• Community Power Works (CPW) in Seattle found that its geographic scope was too narrowly focused when it first began providing services. At that time, CPW was focused on specific areas of the city, including many low-income neighborhoods. These geographic boundaries limited the number of potential customers, and many residents in these areas did not have the financial ability to invest in energy efficiency upgrades or access financing. CPW achieved significantly higher results once it expanded its geographic scope to the entire city in early 2012, more than doubling the number of eligible households.  The expansion of the service territory—along with other program changes, such as simplifying and increasing incentives and offering new financing options—significantly boosted the number of upgrades per month from around 10 per month in late 2011 to around 50 per month in mid-2012. For more information, see Seattle Community Power Works’ Fall 2012 Progress Report.
  • Energize Phoenix, which focused its program on a central downtown light rail corridor, expanded its service area after a year of operations in late 2011 to increase the number of homeowners eligible for upgrades and unite neighborhoods that the previous boundaries had unintentionally divided. After the program launched, managers realized that the original program boundary, scaled down to better match funding amounts, divided close-knit neighborhoods and didn’t correspond to traditional media and market boundaries. The program found that it was hard to target its marketing and outreach only to residents in the service area without also reaching those ineligible for the program. Especially in tight-knit neighborhoods, this created discord over who qualified for the program and who did not.  When the program expanded the service area in 2011 to cover entire neighborhoods, it increased its geographic area by 55% and increased the number of eligible residential parcels by 77%. This helped drive an increase in single family and multifamily upgrades in 2012 and 2013. After three years in operation, the program upgraded over 2,000 housing units. For more information on the program and the expansion of its service area, see Energize Phoenix’s Energy Efficiency on an Urban Scale, Year Three Report: Results.
  • New Hampshire’s Better Buildings program’s original upgrade goals were based on the state’s Climate Action Plan and some general knowledge about the demographics of the three participating communities in the program. As the program began to unfold, however, the program noticed significant differences between the estimated number of projects and the actual level of demand. The projections were likely high because the original estimates were based more on need (i.e., how many buildings the state should upgrade), rather than an analysis of the existing market demand and potential for expansion. By the end of the grant period in 2013, a suite of efforts, including increased marketing and a statewide expansion of its residential program helped the program exceed its revised residential upgrade goals.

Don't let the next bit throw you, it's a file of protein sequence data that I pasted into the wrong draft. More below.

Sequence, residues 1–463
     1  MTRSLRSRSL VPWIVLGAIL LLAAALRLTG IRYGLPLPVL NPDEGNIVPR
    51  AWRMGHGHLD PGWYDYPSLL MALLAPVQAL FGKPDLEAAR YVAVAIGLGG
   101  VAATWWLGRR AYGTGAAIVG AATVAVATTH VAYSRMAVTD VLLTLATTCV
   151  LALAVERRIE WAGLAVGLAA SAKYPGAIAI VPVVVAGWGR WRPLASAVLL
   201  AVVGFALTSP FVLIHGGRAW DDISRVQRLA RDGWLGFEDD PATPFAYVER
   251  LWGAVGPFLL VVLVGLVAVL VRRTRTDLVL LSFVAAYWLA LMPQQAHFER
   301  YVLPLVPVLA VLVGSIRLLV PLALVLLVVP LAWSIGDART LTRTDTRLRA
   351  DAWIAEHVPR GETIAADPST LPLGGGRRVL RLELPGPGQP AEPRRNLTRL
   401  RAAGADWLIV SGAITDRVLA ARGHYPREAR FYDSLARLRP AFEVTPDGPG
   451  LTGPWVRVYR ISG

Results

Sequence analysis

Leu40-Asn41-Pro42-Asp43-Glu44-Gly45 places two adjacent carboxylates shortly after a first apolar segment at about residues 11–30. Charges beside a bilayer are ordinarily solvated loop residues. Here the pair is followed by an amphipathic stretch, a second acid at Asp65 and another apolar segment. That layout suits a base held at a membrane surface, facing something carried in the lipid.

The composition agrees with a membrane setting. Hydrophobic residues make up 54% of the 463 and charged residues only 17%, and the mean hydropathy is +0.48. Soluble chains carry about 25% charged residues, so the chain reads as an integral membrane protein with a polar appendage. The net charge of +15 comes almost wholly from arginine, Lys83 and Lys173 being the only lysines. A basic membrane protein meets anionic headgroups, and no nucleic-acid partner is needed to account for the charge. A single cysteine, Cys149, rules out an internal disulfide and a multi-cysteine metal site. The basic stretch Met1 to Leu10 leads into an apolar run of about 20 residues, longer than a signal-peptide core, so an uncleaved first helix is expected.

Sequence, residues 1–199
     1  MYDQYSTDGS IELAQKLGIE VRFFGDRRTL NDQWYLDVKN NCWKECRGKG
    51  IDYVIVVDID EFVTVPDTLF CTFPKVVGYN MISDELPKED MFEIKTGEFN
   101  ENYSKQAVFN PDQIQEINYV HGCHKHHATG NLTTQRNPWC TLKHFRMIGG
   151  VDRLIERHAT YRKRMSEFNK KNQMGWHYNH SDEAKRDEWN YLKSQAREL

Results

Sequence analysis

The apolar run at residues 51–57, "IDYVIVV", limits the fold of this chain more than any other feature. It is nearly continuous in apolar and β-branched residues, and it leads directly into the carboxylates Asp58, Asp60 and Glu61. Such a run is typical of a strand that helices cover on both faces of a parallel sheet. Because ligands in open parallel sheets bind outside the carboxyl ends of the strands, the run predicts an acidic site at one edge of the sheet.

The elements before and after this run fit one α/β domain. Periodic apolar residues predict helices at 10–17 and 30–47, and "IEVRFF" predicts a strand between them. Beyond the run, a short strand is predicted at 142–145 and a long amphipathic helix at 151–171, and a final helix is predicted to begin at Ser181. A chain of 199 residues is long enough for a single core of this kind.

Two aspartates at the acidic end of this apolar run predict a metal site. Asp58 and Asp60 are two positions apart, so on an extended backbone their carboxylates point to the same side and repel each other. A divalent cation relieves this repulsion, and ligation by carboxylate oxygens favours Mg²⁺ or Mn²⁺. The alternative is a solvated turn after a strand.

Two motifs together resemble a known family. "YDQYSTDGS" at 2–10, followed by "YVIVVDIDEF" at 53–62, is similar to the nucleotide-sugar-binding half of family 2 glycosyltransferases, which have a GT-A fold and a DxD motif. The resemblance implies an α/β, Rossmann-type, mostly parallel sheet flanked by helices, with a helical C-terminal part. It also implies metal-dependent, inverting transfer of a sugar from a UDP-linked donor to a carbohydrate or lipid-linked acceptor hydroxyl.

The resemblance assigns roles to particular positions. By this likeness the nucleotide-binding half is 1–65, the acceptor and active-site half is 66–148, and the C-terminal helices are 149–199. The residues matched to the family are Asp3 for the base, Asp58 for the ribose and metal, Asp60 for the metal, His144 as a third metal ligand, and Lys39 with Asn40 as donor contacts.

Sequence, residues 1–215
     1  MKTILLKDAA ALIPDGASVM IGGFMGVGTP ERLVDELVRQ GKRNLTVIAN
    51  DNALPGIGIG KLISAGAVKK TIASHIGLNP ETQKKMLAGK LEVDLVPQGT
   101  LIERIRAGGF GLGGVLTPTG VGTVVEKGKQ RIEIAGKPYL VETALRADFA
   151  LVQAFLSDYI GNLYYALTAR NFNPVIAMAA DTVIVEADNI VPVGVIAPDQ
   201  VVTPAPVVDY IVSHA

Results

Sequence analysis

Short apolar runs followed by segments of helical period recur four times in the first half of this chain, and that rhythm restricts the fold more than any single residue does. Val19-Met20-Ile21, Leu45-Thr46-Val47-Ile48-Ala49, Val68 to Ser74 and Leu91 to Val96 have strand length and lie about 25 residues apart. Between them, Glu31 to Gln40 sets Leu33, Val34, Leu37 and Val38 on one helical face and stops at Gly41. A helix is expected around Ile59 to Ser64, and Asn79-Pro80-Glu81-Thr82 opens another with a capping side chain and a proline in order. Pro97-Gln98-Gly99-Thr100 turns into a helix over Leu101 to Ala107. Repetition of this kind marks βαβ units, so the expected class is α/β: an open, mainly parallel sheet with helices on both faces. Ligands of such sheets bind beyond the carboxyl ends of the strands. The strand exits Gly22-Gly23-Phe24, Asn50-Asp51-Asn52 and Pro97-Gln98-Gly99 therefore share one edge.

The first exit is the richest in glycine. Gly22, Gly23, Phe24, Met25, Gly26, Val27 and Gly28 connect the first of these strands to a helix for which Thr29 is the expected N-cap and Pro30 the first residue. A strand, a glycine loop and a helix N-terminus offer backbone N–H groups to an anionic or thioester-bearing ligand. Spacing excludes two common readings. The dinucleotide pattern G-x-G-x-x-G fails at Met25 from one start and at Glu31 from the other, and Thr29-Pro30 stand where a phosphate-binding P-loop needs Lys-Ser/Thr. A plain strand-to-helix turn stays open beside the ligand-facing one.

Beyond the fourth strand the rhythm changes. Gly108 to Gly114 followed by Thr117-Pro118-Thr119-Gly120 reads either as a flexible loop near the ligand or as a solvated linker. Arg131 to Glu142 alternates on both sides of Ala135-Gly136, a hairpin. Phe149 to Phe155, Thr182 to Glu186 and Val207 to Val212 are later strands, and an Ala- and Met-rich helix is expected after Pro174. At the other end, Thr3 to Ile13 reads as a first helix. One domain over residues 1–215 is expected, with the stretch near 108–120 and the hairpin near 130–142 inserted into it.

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Incentivize the action you want your customer to take

Successful programs know that it is not enough to get customers interested in their services. They know that homeowners that receive assessments but don’t undertake upgrades don’t receive the benefits of energy efficiency—and programs don’t get credit for energy savings.  Instead of emphasizing interim steps, these programs make sure their messages and incentives encourage customers to take actions that save energy—whether it is a home energy upgrade, updating heating system, or purchasing energy efficient appliances.

  • Early in the Michigan Saves program, canvassers going door-to-door started their conversations with homeowners by emphasizing the “free stuff” that customers could get if they participated in the program (e.g., compact fluorescent light bulbs, sink aerators, and showerheads). When the canvassers passed leads on to contractors who then tried to market, other measures that customers would have to pay for (e.g., insulation, air sealing, duct work, furnace replacement), these customers felt like they had been signed up for something they didn't agree to. After that, the program modified its messages and incentive structure to reflect the ultimate goal—an energy upgrade. For more information on how Michigan modified the incentive structure of its program, see the case study Experiment to Find the Right Mix of Incentives.